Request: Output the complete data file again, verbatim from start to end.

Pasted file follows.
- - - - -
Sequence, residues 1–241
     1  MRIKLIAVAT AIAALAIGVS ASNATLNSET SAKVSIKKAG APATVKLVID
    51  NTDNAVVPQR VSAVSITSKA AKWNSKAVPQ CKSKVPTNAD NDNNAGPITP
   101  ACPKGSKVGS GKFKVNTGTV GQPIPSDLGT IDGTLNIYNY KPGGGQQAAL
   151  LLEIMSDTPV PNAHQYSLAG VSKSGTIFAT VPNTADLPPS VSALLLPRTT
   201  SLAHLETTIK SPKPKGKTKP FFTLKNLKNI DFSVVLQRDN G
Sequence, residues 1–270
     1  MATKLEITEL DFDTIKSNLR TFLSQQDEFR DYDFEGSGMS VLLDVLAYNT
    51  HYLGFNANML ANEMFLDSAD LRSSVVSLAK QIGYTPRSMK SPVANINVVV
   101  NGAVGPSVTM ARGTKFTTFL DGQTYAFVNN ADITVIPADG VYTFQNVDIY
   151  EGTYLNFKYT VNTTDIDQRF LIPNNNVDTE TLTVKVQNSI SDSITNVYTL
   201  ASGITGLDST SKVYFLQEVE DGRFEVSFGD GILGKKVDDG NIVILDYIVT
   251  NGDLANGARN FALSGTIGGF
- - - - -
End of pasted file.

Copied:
Sequence, residues 1–241
     1  MRIKLIAVAT AIAALAIGVS ASNATLNSET SAKVSIKKAG APATVKLVID
    51  NTDNAVVPQR VSAVSITSKA AKWNSKAVPQ CKSKVPTNAD NDNNAGPITP
   101  ACPKGSKVGS GKFKVNTGTV GQPIPSDLGT IDGTLNIYNY KPGGGQQAAL
   151  LLEIMSDTPV PNAHQYSLAG VSKSGTIFAT VPNTADLPPS VSALLLPRTT
   201  SLAHLETTIK SPKPKGKTKP FFTLKNLKNI DFSVVLQRDN G
Sequence, residues 1–270
     1  MATKLEITEL DFDTIKSNLR TFLSQQDEFR DYDFEGSGMS VLLDVLAYNT
    51  HYLGFNANML ANEMFLDSAD LRSSVVSLAK QIGYTPRSMK SPVANINVVV
   101  NGAVGPSVTM ARGTKFTTFL DGQTYAFVNN ADITVIPADG VYTFQNVDIY
   151  EGTYLNFKYT VNTTDIDQRF LIPNNNVDTE TLTVKVQNSI SDSITNVYTL
   201  ASGITGLDST SKVYFLQEVE DGRFEVSFGD GILGKKVDDG NIVILDYIVT
   251  NGDLANGARN FALSGTIGGF